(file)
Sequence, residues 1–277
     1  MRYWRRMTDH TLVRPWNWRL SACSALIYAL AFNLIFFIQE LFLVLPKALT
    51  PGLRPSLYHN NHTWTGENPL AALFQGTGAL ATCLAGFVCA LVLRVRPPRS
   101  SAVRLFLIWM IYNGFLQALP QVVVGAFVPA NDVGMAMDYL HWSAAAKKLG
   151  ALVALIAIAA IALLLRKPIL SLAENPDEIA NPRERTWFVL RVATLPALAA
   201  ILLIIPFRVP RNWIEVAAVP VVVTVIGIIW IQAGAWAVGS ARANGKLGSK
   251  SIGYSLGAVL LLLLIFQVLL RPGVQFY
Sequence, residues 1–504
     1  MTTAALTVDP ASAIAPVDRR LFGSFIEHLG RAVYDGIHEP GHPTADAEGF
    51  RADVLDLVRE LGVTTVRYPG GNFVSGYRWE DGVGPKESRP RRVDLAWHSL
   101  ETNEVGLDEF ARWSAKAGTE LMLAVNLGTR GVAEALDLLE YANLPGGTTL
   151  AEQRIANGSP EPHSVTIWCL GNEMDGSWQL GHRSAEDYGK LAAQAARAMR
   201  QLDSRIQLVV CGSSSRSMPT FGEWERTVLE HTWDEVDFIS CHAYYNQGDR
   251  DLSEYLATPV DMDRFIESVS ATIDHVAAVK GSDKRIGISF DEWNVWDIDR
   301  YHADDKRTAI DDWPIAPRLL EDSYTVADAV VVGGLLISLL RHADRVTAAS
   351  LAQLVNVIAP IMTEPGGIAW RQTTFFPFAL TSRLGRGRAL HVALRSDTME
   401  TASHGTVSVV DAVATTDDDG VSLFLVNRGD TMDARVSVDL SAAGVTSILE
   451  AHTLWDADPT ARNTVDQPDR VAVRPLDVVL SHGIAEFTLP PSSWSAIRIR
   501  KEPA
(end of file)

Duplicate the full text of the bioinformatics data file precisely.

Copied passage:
Sequence, residues 1–277
     1  MRYWRRMTDH TLVRPWNWRL SACSALIYAL AFNLIFFIQE LFLVLPKALT
    51  PGLRPSLYHN NHTWTGENPL AALFQGTGAL ATCLAGFVCA LVLRVRPPRS
   101  SAVRLFLIWM IYNGFLQALP QVVVGAFVPA NDVGMAMDYL HWSAAAKKLG
   151  ALVALIAIAA IALLLRKPIL SLAENPDEIA NPRERTWFVL RVATLPALAA
   201  ILLIIPFRVP RNWIEVAAVP VVVTVIGIIW IQAGAWAVGS ARANGKLGSK
   251  SIGYSLGAVL LLLLIFQVLL RPGVQFY
Sequence, residues 1–504
     1  MTTAALTVDP ASAIAPVDRR LFGSFIEHLG RAVYDGIHEP GHPTADAEGF
    51  RADVLDLVRE LGVTTVRYPG GNFVSGYRWE DGVGPKESRP RRVDLAWHSL
   101  ETNEVGLDEF ARWSAKAGTE LMLAVNLGTR GVAEALDLLE YANLPGGTTL
   151  AEQRIANGSP EPHSVTIWCL GNEMDGSWQL GHRSAEDYGK LAAQAARAMR
   201  QLDSRIQLVV CGSSSRSMPT FGEWERTVLE HTWDEVDFIS CHAYYNQGDR
   251  DLSEYLATPV DMDRFIESVS ATIDHVAAVK GSDKRIGISF DEWNVWDIDR
   301  YHADDKRTAI DDWPIAPRLL EDSYTVADAV VVGGLLISLL RHADRVTAAS
   351  LAQLVNVIAP IMTEPGGIAW RQTTFFPFAL TSRLGRGRAL HVALRSDTME
   401  TASHGTVSVV DAVATTDDDG VSLFLVNRGD TMDARVSVDL SAAGVTSILE
   451  AHTLWDADPT ARNTVDQPDR VAVRPLDVVL SHGIAEFTLP PSSWSAIRIR
   501  KEPA